That also suggests another potential avenue of inquiry: members of cultures who feel themselves to be in a strong position may by more likely to be comfortable with bi-cultural couples because they know, at least on some level, that such a couple is likely to acculturate in their direction. However, if you feel that you are in a weak position culturally speaking, then you are far more to police the boundaries of things like intermarriage, mixing between cultures, etc.

Anyways, lots of opportunities for more research.
This is one study, are there other studies that support this? How big was the study group? How did they choose the subjects? When I was at the UW, we all had to go volunteer for a few research projects as part of the requirements for Freshman Psych, but we chose the projects ourselves from a big list of all the projects, anx we usually chose things that we found interesting and not too invasive. So if they were using mostly college freshmen, that's neither a randomized nor a representative (of society) group. The methodology also seems iffy, pictures of toilets and people barfing would make me feel that humans were really gross! So it could be that the study subjects actually prefer the same race couples/animals to gross and disgusting humans right afterwards! This data interpretation is iffy. There needs to be many more studies to come to any conclusions. All this says is college freshmen(?) were more likely to group same race couples with humans after getting disgusted by humans feces, dirty toilets and puke! Who can tell what they were thinking/feeling!

Is this how social sciences research are done? Wow!
Shorter Ana Sofia Knauf:
It's a terrible world and as bad as ever so let's focus on the negative.
@1 & @3

There were three studies within the paper.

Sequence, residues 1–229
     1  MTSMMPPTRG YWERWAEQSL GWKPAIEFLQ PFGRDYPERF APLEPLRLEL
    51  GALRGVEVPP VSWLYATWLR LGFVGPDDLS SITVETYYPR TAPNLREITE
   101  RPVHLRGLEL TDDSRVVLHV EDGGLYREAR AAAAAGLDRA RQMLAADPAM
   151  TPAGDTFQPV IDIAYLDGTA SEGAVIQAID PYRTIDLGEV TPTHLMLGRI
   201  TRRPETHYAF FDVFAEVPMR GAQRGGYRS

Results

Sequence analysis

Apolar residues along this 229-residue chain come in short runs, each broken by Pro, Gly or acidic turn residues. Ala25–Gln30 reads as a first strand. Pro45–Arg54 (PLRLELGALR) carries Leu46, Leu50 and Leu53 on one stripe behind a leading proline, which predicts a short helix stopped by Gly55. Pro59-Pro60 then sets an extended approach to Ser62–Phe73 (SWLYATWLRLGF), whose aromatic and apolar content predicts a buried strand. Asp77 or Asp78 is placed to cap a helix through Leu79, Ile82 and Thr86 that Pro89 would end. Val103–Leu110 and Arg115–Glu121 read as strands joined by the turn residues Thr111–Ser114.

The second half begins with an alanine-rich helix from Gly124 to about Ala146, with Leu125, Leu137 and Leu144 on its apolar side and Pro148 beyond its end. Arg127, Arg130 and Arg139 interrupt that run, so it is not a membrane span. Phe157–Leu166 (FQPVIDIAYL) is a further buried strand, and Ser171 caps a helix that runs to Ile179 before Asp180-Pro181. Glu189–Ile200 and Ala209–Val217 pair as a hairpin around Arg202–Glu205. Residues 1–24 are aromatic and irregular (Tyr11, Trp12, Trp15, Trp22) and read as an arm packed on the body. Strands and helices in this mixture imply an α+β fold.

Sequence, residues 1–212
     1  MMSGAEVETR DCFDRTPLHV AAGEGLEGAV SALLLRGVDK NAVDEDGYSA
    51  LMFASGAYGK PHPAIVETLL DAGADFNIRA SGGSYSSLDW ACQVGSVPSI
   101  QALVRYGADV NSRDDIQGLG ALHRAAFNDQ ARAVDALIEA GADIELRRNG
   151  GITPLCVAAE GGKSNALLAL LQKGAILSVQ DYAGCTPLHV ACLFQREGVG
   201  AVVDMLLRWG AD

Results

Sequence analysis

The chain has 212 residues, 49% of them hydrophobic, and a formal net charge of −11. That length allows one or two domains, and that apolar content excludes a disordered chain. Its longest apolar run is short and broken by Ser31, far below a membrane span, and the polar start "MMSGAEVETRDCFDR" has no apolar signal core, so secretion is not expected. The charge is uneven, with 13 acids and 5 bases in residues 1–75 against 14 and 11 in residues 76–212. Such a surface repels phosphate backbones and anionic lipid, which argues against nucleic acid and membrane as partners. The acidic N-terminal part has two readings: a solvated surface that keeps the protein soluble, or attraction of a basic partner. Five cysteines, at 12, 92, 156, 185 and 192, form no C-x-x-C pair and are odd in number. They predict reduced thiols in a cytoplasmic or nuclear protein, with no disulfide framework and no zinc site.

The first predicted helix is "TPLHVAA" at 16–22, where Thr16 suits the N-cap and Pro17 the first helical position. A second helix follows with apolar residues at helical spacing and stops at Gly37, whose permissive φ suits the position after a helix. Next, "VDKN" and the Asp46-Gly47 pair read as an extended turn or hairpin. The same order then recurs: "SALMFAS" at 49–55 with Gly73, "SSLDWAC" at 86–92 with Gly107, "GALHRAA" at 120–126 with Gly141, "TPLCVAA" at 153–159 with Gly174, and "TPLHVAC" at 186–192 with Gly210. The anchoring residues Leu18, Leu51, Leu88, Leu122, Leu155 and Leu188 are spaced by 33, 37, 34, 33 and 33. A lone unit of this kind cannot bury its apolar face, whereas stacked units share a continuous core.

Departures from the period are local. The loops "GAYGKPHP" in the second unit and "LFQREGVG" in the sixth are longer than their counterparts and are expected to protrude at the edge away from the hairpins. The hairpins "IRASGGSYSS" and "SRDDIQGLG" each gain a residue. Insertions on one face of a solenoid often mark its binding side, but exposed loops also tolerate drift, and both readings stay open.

Study 1 measured tried to measure if disgust and acceptance of interracial relationships were related. They found they were and that there was no difference between racial groups. Study 1 had 152 people, 132 of whom were white, 5 were black there rest were latino, asian or other.

Study 2 tried to link feelings of disgust with MRI brain scans. Study 2 had 19 people, 17 white, 11 male, 0 blacks.

Study 3 attempts to link the feeling of disgust with dehumanization. Study 3 had 240 people participate (on line survey), 180 were women, 209 were white, 10 were black the others were asian, latino or other. Participants were "Undergraduate students were recruited from the psychology subject pool at a large public university in the Midwestern United States." The silhouettes were of animals used as controls (also used landscape and urban settings as controls) - they used photos of people.

I use statistics in my work routinely (I'm a scientist) and they did a number of tests. I haven't had time to look through them to see if they are appropriate but they did do power calculations and showed some P values (but they've been hacked....lots of researchers don't use P values correctly). Overall, on a quick skim, a very weak statistical analysis of very weak effects. Even if you accept the MRI interpretation (those are very problematical to say the least) the effects and correlations are very weak.
Here's my thing: Ask a black woman (for instance, Jill Scott) how she feels seeing a black man with a white woman. The answer may be polite, but it won't be positive. The weirdness: my brother only dates white women, and both of his daughters are biracial. My nearest first cousins both married white people and also have biracial kids.